Issued April 2016
The National Gallery allocated Signorelli’s 'Man on a Ladder' under the Acceptance-in-Lieu scheme
Man on a Ladder by Luca Signorelli, one of the most important central Italian Renaissance painters and a contemporary of Raphael and Michelangelo, has been allocated to the National Gallery under the Acceptance-in-Lieu scheme.
Originally part of a vast altarpiece depicting the 'Lamentation at the Foot of the Cross' commissioned in 1504 for the church of Sant’Agostino in Matelica, a town in central Italy, the large panel was subsequently cut into separate pieces for sale to different purchasers. 'Man on a Ladder' is one of six known fragments of this altarpiece. The others are currently housed in museums and collections around the world, including the Museo Civico, Bologna, the National Gallery of Art, Washington DC, and private collections in Genoa, Rome and England. 'Man on a Ladder' is the only fragment that can be seen in a UK public collection.
'Man on a Ladder' depicts the figure of a man who carries a pair of pliers which have been used to remove the nails from the crucified Christ. It is thought to come from the upper section of the now dismembered altarpiece. The full composition showed the dead Christ at the foot of the cross, mourned by his mother and his followers. The haloed head of Saint John the Evangelist is just visible at the lower edge of 'Man on a Ladder'.
Born in Cortona, a cousin of the artist and art historian Giorgio Vasari and a pupil of Piero della Francesca, Luca Signorelli has been largely forgotten by art historians of the 20th and 21st centuries. In his day he was an extremely successful painter, celebrated for his skill in depicting the human body and his mastery of foreshortening. The painting is a superb example of the unique figurative style for which Signorelli was famed.
The first documented owner of 'Man on a Ladder' – the arts patron and politician William Graham – loaned the painting to the Pre-Raphaelite painter and designer Sir Edward Burne-Jones, who had a special interest in the works of Signorelli.
'Man on a Ladder' joins a group of eight paintings by Signorelli in the National Gallery. With this acquisition, which shows Signorelli’s extraordinary talents as a painter of the human body in complex poses, the Gallery can now represent this important Renaissance painter’s inventive talents at their best. 'Man on a Ladder' also plays a key role in demonstrating the development of the representation of the human figure in Renaissance painting, constituting a bridge between 15th-century artists like Perugino and Piero della Francesca and those of the High Renaissance at the beginning of the 16th century.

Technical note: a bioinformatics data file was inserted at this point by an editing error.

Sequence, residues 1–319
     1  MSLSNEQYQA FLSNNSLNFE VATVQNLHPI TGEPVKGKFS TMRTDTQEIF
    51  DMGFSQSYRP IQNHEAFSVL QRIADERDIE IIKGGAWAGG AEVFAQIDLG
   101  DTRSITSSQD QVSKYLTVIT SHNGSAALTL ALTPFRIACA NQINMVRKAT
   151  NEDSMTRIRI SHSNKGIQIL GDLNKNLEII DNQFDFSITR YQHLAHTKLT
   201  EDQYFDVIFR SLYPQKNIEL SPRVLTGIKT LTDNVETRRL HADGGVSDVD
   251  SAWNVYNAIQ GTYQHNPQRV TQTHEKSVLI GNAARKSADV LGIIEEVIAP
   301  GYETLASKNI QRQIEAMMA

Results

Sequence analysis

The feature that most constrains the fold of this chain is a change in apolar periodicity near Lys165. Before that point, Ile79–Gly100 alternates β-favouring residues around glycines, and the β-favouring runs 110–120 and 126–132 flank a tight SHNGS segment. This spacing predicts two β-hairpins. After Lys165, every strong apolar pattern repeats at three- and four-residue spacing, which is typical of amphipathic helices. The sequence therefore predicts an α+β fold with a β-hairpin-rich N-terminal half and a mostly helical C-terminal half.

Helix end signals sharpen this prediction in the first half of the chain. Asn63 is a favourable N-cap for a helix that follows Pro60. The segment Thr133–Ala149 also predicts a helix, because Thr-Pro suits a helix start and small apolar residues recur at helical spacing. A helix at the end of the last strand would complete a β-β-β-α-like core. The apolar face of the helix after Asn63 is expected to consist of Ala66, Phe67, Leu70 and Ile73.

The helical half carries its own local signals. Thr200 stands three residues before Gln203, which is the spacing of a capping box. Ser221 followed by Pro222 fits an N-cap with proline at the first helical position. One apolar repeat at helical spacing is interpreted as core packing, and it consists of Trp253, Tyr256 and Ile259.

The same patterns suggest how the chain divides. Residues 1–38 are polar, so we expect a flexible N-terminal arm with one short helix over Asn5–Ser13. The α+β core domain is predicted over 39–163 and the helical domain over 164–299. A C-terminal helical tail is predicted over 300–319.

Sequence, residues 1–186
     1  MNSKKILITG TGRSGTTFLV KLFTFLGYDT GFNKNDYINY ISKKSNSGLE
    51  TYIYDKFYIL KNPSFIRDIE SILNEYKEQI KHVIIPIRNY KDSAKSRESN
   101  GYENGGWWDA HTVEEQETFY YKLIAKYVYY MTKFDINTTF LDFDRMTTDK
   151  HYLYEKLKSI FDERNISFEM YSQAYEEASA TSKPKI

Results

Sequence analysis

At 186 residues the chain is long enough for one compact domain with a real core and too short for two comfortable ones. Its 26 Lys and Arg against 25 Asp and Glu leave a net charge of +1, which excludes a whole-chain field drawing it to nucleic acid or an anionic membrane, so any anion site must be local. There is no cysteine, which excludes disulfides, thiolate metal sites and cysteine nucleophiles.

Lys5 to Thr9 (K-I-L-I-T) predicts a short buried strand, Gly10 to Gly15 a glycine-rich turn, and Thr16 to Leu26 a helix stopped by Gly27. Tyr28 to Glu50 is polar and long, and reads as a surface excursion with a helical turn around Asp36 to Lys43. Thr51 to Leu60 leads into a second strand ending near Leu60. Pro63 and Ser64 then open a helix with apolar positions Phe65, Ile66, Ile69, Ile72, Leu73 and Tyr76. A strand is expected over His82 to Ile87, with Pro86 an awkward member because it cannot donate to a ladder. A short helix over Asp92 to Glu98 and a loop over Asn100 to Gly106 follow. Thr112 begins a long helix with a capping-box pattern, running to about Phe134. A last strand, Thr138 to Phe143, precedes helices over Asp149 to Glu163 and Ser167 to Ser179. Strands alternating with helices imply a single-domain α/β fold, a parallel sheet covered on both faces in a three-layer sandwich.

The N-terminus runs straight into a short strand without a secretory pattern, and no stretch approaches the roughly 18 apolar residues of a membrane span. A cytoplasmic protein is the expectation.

Caroline Campbell, National Gallery Jacob Rothschild Head of the Curatorial Department said:
“Luca Signorelli is one of the most underappreciated artists of the Italian Renaissance. This muscular figure demonstrates the two qualities central to his work: his mastery of design and interest in the human form.”
National Gallery Director, Dr Gabriele Finaldi said:
“Thanks to the allocation to the National Gallery of ‘Man on a Ladder’ through the Acceptance in Lieu scheme, the public can now see the full range of Signorelli’s artistic achievement on show in Trafalgar Square.”
For more information, visit www.nationalgallery.org.uk
Notes to Editors
Luca Signorelli (about 1440/50–1523)
'Man on a Ladder'
Oil on wood
88.3 × 52 cm
© The National Gallery, London
Luca Signorelli (about 1440/50–1523). Born in Cortona, and taught by Piero della Francesca, Signorelli was one of the most important Central Italian painters of the later 15th and early 16th century. He was active in Cortona, Arezzo, Florence, Rome, Orvieto and other Italian towns. His chief work is a series of frescoes in the cathedral at Orvieto. The artist and art historian Giorgio Vasari (1511–1574), who was his first cousin once removed, wrote a well-informed account of his life, in which he praised Signorelli’s qualities stating that he ‘opened to the majority of artists the way to the final perfections of art’ represented by the achievements of Leonardo, Raphael and Michelangelo.
The Acceptance-in-Lieu (AIL) Scheme enables taxpayers to transfer important works of art and other heritage objects into public ownership while paying Inheritance Tax, or one of its earlier forms. The taxpayer is given the full open market value of the item, which is then allocated to a public museum, archive or library. More information at www.artscouncil.org.uk
For further information and images please contact the National Gallery Press Office on 020 7747 2865 or email@example.com